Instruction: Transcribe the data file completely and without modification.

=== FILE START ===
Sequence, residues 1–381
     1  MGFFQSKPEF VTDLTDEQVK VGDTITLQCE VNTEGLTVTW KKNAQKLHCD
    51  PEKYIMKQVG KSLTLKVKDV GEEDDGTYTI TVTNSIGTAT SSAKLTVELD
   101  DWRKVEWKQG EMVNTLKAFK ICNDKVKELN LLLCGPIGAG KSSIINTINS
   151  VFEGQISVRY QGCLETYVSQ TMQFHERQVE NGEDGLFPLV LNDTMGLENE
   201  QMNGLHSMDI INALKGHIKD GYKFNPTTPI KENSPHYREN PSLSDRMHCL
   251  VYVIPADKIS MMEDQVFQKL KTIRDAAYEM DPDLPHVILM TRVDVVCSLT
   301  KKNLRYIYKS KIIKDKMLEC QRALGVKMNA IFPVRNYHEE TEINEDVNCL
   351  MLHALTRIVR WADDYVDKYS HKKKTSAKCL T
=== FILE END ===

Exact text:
Sequence, residues 1–381
     1  MGFFQSKPEF VTDLTDEQVK VGDTITLQCE VNTEGLTVTW KKNAQKLHCD
    51  PEKYIMKQVG KSLTLKVKDV GEEDDGTYTI TVTNSIGTAT SSAKLTVELD
   101  DWRKVEWKQG EMVNTLKAFK ICNDKVKELN LLLCGPIGAG KSSIINTINS
   151  VFEGQISVRY QGCLETYVSQ TMQFHERQVE NGEDGLFPLV LNDTMGLENE
   201  QMNGLHSMDI INALKGHIKD GYKFNPTTPI KENSPHYREN PSLSDRMHCL
   251  VYVIPADKIS MMEDQVFQKL KTIRDAAYEM DPDLPHVILM TRVDVVCSLT
   301  KKNLRYIYKS KIIKDKMLEC QRALGVKMNA IFPVRNYHEE TEINEDVNCL
   351  MLHALTRIVR WADDYVDKYS HKKKTSAKCL T